EPA Enforcement Roundup: Week of 8/21
US businesses are subject to complex, overlapping environmental regulations related to air emissions, discharges to water, hazardous waste management and disposal, oil spills, chemical management, and more. Failure to comply with all applicable US EPA requirements can result in future liability and civil penalties as high as $100,000+ per day, per violation.
The EPA Enforcement Roundup highlights enforcement actions that offer insight into how and why US EPA and state partners assess penalties for noncompliance for environmental regulations.
All violations or claims discussed below are alleged only unless we say otherwise, and we withhold the names of organizations and individuals to protect their privacy.
Your EPA Enforcement Roundup for this week:
A Kansas City cutting-tool manufacturer to pay a $337,253 penalty to EPA to resolve alleged hazardous waste management violations.
The company removed about 9,000 pounds of ignitable hazardous waste and agreed to take action to prevent future releases of hazardous waste after being notified about potential Resource Conservation and Recovery Act (RCRA) violations.
EPA alleges that used chemicals including sodium nitrite, sodium nitrate, and potassium nitrate mixture had accumulated on the floor, walls, ceiling, and equipment. The site also allegedly failed to make hazardous waste determinations or maintain the facility in a way that prevented the release of hazardous waste.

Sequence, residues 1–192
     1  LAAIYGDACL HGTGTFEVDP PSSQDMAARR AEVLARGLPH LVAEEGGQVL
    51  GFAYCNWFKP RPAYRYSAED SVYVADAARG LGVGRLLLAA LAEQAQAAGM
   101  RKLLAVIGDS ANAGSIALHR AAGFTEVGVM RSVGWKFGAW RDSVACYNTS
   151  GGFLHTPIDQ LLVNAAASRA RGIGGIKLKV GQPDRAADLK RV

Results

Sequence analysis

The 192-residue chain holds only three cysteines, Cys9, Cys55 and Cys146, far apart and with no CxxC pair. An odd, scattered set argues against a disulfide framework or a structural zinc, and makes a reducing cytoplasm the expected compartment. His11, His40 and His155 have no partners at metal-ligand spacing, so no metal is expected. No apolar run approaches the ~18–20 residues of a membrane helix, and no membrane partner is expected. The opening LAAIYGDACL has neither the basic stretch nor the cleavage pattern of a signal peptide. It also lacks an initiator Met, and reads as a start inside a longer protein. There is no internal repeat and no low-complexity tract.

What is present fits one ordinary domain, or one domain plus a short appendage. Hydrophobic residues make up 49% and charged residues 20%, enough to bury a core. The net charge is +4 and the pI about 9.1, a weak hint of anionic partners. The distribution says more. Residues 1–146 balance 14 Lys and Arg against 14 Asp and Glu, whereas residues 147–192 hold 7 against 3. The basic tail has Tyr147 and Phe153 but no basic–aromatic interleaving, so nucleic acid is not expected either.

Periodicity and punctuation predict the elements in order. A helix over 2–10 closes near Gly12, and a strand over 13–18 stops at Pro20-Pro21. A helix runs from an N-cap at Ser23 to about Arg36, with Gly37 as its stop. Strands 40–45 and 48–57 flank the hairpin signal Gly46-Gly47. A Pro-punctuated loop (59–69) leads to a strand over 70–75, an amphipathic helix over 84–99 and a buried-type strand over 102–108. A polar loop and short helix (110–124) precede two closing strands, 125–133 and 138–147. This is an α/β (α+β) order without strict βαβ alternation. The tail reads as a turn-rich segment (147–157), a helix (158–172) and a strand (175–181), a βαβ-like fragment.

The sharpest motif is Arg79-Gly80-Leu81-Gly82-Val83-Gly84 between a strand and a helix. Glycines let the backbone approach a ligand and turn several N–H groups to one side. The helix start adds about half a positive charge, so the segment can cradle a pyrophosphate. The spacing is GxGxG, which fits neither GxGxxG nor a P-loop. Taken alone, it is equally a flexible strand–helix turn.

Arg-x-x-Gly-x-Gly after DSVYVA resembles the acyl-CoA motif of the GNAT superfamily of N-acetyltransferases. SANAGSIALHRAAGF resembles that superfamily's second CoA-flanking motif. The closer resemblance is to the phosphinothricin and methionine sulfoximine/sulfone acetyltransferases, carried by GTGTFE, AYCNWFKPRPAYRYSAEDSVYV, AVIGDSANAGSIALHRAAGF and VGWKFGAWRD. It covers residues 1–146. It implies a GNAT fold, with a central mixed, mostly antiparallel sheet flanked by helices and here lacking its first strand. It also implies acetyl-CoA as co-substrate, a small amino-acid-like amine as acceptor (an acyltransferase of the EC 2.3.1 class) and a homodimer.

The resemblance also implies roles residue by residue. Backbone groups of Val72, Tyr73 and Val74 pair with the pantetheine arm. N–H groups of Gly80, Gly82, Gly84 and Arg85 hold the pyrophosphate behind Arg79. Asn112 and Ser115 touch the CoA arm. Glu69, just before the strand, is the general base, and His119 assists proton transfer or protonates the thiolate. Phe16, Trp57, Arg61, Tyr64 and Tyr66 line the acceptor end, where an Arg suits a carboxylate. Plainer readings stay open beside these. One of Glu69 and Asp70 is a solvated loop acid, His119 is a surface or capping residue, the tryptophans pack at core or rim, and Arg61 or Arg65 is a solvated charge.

The three chemicals listed above are effective at strengthening metals when combined in a "salt bath."
A New York food ingredient manufacturer enters $4M+ settlement to resolve alleged Clean Air and Clean Water Act violations.
EPA alleges the company failed to obtain proper permitting for its emissions of toluene (a volatile organic compound and hazardous air pollutant), install necessary emission controls, and other permitting and reporting requirements.
The manufacturer also allegedly exceeded the local wastewater treatment plant’s allowed pollution level due to improper wastewater pre-treatment. Exceeding these levels creates an opportunity for pollution to pass through the treatment plant and into drinking water systems.
To date, the company has spent about $6 million to achieve compliance with relevant Clean Air Act and Clean Water Act requirements.
An Ohio production facility’s owner agrees to a $9M settlement to resolve alleged Clean Air Act violations and return to compliance.
In this case, EPA claims the facility’s electric arc furnaces emit sulfur dioxide and particulate matter that may cause adverse environmental impacts, and asthma and bronchitis. In its complaint, the Agency alleged that the company violated the Clean Air Act after modifying one of its furnaces.
In addition to a $2.6M penalty, the company is responsible for implementing new and improved air pollution emissions controls, limiting sulfur usage in its metal production process by using coal and other materials with lower sulfur content, and reducing particulate matter emissions. The cost of these requirements is estimated at $6.5M.
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Look beyond the annual "Top 10 List" to see specifics about the most cited OSHA health & safety Standards and the individual regulations that tripped up employers the most last year.